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Microsoft unveils NT Embedded – Not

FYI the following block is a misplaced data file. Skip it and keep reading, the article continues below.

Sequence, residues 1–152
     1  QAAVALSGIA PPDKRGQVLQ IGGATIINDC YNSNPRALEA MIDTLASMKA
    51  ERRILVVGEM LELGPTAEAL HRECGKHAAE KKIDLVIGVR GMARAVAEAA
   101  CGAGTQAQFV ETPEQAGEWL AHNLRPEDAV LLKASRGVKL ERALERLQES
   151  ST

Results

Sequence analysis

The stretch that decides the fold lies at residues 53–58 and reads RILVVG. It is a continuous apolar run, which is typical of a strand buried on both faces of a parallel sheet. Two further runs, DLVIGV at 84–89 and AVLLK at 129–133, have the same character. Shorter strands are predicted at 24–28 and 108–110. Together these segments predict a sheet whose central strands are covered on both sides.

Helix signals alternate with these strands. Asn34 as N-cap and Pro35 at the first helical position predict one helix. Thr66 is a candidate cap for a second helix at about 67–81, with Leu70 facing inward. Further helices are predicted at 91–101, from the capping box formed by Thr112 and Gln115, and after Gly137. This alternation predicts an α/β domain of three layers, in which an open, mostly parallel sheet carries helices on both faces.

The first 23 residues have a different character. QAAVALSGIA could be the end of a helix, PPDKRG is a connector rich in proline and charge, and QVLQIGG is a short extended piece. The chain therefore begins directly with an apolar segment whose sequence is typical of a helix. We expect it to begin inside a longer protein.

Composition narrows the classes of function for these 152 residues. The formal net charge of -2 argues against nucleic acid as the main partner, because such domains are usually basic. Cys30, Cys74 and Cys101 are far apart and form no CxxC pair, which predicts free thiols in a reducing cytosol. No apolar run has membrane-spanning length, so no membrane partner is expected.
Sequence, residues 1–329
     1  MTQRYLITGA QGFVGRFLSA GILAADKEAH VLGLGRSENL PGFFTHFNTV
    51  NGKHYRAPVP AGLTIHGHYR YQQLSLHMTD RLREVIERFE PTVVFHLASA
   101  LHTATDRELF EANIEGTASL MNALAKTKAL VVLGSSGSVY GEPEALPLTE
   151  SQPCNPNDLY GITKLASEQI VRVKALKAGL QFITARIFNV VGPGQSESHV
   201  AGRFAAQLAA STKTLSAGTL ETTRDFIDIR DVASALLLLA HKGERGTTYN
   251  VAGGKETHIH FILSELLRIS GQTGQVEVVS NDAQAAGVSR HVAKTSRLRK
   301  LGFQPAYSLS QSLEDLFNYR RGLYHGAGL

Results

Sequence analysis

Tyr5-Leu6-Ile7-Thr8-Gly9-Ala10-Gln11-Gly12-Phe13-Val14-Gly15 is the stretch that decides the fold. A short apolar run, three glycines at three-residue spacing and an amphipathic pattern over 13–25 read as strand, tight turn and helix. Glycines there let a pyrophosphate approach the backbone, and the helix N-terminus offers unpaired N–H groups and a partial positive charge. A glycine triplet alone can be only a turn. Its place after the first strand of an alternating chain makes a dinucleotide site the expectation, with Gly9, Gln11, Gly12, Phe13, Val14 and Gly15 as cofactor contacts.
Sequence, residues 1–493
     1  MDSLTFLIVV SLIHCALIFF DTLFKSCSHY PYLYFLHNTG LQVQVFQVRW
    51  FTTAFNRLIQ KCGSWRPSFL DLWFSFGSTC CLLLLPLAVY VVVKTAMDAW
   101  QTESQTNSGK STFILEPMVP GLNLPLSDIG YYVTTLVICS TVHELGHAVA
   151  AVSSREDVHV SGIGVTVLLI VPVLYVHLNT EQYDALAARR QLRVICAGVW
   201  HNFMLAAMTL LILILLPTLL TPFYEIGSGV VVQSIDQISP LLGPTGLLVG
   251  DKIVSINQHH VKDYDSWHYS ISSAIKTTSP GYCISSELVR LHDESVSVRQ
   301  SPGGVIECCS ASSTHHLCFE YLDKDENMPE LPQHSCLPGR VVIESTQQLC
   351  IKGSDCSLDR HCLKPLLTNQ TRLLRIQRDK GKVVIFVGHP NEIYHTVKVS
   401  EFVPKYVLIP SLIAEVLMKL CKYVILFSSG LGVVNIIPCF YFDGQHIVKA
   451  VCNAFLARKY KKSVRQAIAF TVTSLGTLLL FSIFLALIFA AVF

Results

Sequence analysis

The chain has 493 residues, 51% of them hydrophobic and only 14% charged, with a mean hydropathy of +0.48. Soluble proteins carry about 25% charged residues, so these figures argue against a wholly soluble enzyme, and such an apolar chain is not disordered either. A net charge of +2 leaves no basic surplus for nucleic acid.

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Will Microsoft be able to find a kamikaze employee willing to test embedded Windows NT in his or her pacemaker? That's one of the key issues that arise from a leaked announcement today. To be fair, Microsoft hasn't asked for kamikaze volunteers yet. But it is trying to suggest that Windows CE is for embedded operating systems in consumer devices, while devices for grown-ups require NT. Last November, the embedded systems conference saw Microsoft make its initial announcement of embedded NT. Now Vince Mendillo, the lead product manager for NT Embedded, suggests that Microsoft intends to embed NT 4.0 and offer it as either a run-time or a development kit by the year end. But late last night, Bloomberg filed a story from Redmond noting that "Microsoft Corporation introduced a version of its Windows NT operating system for intelligent devices..." The only problem with the story was that embedded NT was not there to take a bow, but Bloomberg was able to add that "more than 60 manufacturers, including Siemens AG, Germany's biggest engineering company [sic], and ThermoGenesis Corp, which makes systems for harvesting drugs from blood, announced support for Windows NT Embedded". So there we have it: those clever Microsoft researchers have found away to recycle drugs by extracting them from blood before their potency is reduced. The evidence suggests that they must have had their greatest success with hallucinogens, which The Register will confirm after some testing in its West Wing laboratories. Meanwhile, Gartner is confidently predicting that 15 per cent of embedded systems for $5,000-plus devices will include some form of NT Embedded by the end of 2002. But even when Microsoft gets something out of the door, it will find itself facing tough competition from a number of outfits that are already established. Wind River Systems, tipped to be the Microsoft of embedded systems (although its share price has shown extreme volatility), has Tornado II in the marketplace. Integrated Systems Inc have been making embedded operating systems such as pSOSystem and pOSEK for around 20 years, and the company has some 35 million installed, including in pacemakers, lottery terminals, set-top boxes, lottery terminals, and petrol pumps. QNX Software Systems, with its HQ in Silicon Valley North (near Ottawa) was also founded in 1980. Its QNX realtime operating system has the largest share of the Intel x86 market. QNX is a microkernel, and there is an embeddable Photon microGUI as well. There are also some significant others with their hats in the ring: Sun would like to make Java the basis of embedded systems, of course, and Metroworks and Psion are also there. ®

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